First Week of School Activities to Build Culture

by | Jun 22, 2020 | New Teachers Tips

By Susan Jerrell, TOFT Founder

The first week of school sets the tone for the entire year. The minute your students first see you, they begin forming opinions of you and your personality. They form their perceptions of your classroom.

While many teachers spend hours of their time and money decorating their room, beyond a first glance, what students are really paying attention to is you. 

  • How do you react to them? 
  • What kind of “vibe” do you give off? 
  • What do you expect of them? 
  • Will you be nice? 
  • Are you approachable? 

Their questions are endless and whether you realize it or not, you become a topic of conversation at lunch and in the halls. Any parent can tell you stories of all the things their children tell them about their teachers. 

That is why the first week of school is so important. What happens then is a big predictor of how the year will go. Building a strong classroom culture begins at the very beginning.

Work on relationship building

One of the best things you can do to build strong culture is to build relationships immediately. No matter the grade, students feel a bit nervous at the beginning of school and even high school students wonder if they will like their teacher.

Be ready to greet each student as they come to class. This starts at your door. Get everything prepared early, so when students are released to your classroom you can give them your full attention.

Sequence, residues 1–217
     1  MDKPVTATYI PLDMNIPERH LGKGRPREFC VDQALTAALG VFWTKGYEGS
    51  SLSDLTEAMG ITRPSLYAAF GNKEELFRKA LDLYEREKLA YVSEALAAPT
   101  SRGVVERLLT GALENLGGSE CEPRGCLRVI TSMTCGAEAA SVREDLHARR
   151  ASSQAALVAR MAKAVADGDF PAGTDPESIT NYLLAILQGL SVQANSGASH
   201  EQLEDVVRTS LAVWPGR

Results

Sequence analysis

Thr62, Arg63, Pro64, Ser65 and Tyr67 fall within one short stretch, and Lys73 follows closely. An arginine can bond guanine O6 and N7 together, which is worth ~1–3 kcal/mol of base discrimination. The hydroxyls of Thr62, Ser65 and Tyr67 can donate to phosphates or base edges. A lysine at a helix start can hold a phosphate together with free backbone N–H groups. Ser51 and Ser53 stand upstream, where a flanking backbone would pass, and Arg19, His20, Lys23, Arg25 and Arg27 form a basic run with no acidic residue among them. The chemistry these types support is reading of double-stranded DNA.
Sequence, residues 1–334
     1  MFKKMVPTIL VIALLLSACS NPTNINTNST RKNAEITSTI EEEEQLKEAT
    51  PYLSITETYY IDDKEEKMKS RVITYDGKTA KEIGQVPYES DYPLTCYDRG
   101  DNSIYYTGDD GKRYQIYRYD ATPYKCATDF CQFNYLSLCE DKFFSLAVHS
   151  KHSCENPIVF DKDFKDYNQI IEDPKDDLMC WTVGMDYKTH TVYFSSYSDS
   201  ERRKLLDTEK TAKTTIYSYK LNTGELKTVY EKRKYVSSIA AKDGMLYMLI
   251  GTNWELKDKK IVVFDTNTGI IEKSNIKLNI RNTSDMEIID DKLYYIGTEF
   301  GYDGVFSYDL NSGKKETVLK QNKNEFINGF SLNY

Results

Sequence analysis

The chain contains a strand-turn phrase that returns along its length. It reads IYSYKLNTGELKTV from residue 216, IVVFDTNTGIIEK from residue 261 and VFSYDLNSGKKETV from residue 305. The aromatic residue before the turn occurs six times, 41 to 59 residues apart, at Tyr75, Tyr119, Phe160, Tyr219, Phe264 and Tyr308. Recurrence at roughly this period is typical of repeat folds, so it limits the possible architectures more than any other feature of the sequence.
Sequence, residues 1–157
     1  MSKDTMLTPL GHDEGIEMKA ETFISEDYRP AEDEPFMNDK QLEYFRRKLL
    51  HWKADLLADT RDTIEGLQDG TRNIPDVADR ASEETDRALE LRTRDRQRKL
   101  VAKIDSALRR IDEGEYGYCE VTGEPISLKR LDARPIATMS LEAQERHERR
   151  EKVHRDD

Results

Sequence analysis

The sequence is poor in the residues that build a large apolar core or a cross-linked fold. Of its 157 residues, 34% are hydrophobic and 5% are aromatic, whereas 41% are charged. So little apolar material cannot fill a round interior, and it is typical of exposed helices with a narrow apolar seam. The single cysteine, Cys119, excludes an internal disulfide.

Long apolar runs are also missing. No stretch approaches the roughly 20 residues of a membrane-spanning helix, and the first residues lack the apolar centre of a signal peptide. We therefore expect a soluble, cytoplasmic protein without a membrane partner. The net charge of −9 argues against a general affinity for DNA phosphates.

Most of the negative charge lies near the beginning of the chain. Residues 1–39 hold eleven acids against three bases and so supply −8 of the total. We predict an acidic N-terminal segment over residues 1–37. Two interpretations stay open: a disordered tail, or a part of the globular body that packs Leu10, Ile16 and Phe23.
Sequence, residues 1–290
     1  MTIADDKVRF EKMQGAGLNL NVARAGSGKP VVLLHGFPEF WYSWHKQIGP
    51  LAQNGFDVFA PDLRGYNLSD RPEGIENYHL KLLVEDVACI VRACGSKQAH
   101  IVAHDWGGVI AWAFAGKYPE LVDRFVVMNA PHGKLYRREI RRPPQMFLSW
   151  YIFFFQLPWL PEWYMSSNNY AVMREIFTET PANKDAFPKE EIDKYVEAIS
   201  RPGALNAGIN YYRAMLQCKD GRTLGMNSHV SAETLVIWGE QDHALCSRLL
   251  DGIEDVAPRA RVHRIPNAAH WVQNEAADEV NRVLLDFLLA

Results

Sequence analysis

If you have been told “not to smile until Christmas” as many new teachers are, ignore the advice. Smile as they come down the hall. Welcome them and introduce yourself. Ask them their name. 

This simple act immediately tells your students that you are friendly and interested in them as people. You quickly establish yourself as a friendly face in the building. It will help decrease student anxiety and make them feel better about being there.

Once class officially starts, continue to smile. This helps you seem confident and makes the students feel more comfortable. The side benefit is that when students are used to you smiling, they take notice when you get serious about a discipline issue later. They know you mean business and they have crossed a line. This simple change in facial expression can stop many misbehaviors on the spot.

Get to know your students

To build classroom culture, I used the first week to really get to know my students. There are any number of ways you can do this from group activities and games to individual questionnaires. The point is you want to know more than just their names; you want to know them as people. 

One activity I liked to do with my high school students was to have them answer questions on a notecard. I liked to know things like what school activities they were in, if they had brothers or sisters or pets, and if they had after school jobs. 

This activity gave me topics to talk to them about throughout the year and also let me know how busy they were from the time school was out until bedtime. Knowing these details provided important information for assigning homework. 

I learned a lot of information on day one, so that my students quickly became more than just a name on the attendance sheet. Your own questions will be based on your own grade and what you personally will find helpful.